From: Jacques Gelinas (jack_at_solucorp.qc.ca)
Date: Tue 03 Dec 2002 - 22:56:01 GMT
On Tue, 3 Dec 2002 21:13:03 -0500, Nick Craig-Wood wrote
> On Tue, Dec 03, 2002 at 02:39:35PM +0000, John Goerzen wrote:
> > It's much better if it's first been in some other tree for awhile --
> > say the ac series. Linus trusts that sort of code more.
> I don't think that AC (or any other kernel maintainer) would ever
> accept the chmod 000 hack to stop chroot escapes. Its just horrid!
But so simple
> AC has expressed strong opinions on not modifying the current
> semantics of chroot to "fix" them too as it breaks current
> I think that this needs careful thought before vserver goes for the
> mainline kernel. Perhaps a new system call is needed - one based on
> the BSD chroot maybe but called something else?
What about a new syscall working like chroot but with the following extra
The syscall fails if
-There are opened file handles which are directories
-The current working directory is not the same as the argument
Or we can drop the second requierement and use the current working directory
as the new root, so the system call would be parameter-less and even simpler
since we will simply copy one pointer over an other, no parameter validation at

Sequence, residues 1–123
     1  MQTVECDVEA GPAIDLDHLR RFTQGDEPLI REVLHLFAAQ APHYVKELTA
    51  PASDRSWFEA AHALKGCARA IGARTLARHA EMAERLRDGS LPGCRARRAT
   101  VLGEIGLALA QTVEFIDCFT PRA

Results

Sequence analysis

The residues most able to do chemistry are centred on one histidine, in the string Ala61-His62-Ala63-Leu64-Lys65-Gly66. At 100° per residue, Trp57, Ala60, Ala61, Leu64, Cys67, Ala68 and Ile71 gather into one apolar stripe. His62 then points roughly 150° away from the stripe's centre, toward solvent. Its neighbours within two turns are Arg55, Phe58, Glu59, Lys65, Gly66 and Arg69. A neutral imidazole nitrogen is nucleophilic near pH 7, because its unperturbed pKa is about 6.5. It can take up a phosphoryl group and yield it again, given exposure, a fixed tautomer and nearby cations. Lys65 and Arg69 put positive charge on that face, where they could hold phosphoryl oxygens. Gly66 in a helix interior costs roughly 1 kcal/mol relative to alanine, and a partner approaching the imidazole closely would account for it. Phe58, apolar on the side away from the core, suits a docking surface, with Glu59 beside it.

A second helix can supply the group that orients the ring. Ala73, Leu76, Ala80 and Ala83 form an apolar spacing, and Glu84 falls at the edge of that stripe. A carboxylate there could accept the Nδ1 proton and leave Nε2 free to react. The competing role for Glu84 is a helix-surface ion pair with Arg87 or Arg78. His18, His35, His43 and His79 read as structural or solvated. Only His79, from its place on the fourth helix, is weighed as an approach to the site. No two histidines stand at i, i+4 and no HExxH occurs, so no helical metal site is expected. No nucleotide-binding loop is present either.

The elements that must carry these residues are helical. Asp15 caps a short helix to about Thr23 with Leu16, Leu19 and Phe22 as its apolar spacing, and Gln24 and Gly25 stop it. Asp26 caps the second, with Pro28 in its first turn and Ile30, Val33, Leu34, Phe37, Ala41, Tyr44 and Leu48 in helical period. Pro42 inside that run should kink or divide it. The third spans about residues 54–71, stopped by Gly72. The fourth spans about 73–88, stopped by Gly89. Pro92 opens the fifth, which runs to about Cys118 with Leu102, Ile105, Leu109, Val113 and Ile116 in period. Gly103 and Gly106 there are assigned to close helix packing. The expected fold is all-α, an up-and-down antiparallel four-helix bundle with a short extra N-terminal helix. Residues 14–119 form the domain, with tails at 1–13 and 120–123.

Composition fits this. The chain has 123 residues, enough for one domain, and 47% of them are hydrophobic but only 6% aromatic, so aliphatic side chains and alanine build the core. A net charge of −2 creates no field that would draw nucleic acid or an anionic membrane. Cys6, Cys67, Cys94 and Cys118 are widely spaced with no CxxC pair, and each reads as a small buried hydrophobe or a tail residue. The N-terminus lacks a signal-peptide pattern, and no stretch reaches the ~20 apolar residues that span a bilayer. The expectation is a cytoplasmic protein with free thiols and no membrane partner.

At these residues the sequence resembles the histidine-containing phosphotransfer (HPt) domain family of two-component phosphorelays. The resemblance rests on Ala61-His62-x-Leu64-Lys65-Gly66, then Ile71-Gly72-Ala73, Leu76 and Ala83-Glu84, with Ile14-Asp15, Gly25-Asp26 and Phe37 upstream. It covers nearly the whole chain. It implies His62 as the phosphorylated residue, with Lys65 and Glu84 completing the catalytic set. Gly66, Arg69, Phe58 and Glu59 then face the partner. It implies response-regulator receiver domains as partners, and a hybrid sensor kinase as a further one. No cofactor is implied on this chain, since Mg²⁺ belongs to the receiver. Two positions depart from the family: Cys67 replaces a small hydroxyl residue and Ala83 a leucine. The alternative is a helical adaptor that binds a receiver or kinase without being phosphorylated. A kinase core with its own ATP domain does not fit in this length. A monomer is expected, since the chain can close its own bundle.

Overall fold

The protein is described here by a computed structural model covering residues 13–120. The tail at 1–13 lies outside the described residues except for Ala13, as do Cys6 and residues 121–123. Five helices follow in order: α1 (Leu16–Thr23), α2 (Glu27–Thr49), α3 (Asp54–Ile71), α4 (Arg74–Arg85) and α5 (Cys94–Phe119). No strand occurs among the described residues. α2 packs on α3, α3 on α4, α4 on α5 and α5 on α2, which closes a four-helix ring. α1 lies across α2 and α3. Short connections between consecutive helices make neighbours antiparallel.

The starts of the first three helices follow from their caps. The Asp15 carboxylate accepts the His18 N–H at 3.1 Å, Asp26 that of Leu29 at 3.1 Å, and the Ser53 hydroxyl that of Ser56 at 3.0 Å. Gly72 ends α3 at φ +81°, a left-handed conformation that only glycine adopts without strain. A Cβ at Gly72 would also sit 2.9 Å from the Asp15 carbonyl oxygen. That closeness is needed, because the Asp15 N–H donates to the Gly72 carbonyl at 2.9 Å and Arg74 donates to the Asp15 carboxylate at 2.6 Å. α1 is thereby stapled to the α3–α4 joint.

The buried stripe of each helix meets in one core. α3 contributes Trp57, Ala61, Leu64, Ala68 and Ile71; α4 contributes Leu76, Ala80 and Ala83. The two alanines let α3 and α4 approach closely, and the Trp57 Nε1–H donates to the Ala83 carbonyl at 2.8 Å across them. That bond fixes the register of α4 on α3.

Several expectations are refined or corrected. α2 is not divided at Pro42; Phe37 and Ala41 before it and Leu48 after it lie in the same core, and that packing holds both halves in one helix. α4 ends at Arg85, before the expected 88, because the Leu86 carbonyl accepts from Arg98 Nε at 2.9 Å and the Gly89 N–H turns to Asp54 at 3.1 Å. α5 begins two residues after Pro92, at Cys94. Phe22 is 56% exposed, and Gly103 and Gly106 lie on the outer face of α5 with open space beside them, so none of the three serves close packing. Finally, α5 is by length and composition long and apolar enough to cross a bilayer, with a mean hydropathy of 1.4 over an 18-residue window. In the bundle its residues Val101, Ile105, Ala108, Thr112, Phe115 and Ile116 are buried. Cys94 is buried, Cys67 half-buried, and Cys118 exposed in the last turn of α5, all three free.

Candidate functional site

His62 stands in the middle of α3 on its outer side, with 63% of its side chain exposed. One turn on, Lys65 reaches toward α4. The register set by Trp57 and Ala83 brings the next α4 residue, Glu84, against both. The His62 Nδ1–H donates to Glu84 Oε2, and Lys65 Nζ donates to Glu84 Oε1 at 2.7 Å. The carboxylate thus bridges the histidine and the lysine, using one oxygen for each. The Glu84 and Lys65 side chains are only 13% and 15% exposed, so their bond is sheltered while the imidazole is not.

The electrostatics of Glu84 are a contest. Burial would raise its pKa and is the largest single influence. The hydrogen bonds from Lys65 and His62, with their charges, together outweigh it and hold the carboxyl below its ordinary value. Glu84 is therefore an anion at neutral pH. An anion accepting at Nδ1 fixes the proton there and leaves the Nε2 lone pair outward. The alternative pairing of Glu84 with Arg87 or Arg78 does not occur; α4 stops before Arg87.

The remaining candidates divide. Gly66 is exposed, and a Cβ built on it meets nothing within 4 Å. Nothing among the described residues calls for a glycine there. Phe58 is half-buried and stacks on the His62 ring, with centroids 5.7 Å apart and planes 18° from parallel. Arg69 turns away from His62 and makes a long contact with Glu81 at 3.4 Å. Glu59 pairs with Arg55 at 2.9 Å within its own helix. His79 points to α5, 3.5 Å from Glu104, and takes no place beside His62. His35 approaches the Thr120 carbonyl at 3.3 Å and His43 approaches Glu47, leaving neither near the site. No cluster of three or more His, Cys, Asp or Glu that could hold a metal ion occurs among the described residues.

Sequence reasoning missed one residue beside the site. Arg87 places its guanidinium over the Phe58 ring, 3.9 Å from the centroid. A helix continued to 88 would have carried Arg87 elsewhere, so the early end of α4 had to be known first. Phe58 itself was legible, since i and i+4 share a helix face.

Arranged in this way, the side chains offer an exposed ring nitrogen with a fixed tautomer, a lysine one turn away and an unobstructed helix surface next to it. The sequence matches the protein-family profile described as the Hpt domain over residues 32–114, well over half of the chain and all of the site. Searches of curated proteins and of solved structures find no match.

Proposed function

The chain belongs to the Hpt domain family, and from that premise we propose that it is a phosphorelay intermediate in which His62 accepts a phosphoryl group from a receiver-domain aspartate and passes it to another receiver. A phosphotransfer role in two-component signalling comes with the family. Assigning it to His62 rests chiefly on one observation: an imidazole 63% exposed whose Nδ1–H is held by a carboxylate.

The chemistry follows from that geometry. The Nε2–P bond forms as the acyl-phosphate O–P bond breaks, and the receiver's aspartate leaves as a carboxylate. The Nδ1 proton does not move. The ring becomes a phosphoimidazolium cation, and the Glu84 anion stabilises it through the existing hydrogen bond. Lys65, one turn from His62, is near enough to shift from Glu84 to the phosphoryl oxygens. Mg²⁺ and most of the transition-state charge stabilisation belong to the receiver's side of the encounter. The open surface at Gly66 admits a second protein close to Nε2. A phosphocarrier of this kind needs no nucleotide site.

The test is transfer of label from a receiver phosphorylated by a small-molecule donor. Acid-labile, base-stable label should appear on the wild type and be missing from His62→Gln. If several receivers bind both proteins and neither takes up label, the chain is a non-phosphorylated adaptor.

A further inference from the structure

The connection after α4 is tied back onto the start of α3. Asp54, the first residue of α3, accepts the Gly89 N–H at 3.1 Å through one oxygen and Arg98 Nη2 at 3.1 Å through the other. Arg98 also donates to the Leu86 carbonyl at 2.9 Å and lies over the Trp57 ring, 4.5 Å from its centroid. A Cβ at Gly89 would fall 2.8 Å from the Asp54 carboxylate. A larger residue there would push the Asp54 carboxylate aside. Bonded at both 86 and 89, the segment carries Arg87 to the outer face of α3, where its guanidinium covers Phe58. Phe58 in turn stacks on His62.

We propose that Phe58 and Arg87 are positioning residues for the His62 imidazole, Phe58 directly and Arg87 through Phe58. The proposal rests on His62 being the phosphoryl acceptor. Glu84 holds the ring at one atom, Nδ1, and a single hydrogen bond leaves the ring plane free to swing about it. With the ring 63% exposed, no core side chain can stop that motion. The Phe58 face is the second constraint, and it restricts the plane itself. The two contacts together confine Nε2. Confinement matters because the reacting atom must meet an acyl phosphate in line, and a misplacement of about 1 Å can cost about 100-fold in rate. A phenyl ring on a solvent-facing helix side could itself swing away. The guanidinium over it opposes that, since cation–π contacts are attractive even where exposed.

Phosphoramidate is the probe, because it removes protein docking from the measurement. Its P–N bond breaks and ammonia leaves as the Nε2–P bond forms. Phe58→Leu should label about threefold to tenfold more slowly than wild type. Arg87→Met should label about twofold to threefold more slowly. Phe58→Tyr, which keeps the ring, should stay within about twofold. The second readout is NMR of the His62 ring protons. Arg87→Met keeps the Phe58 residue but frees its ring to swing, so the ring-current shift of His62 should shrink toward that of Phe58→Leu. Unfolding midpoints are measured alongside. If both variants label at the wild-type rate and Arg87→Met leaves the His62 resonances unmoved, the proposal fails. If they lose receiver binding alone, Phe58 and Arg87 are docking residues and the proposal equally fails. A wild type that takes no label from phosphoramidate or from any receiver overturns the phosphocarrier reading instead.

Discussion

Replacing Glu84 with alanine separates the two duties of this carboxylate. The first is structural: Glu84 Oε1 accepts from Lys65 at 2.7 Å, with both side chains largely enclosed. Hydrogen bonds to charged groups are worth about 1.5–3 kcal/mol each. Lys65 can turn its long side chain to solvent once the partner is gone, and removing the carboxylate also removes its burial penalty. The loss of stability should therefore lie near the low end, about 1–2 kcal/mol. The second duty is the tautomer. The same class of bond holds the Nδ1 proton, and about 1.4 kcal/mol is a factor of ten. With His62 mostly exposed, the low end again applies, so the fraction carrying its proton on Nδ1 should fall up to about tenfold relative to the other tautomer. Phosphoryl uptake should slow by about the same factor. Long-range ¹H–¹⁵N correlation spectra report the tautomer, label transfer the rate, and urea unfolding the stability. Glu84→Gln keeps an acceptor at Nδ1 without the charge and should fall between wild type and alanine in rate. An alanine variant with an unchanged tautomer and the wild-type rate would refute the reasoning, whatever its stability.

We need a good name for the system call. chrootsafe() ?
The system call would have another effect. It will record the new root
in two places in the process. One is the current root of the process and the
other is the unbreakable root. The idea is that chroot may still be used
inside a chrootsafe() world and the weakness in chroot() may be used to
break chrootsafe() as well. So this unbreakable root would be used as a test
where the horrid 000 test is currently done.
In fact, the unbreakable root could be the parent of the new root.
This seems very easy to implement and would please everyone. It also
enable vservers inside vserver. the current chmod 000 works both ways
and prevent a vserver to enter the vservers it would have created.
So any comment on chrootsafe(). Looks very easy
Jacques Gelinas <jack_at_solucorp.qc.ca>
vserver: run general purpose virtual servers on one box, full speed!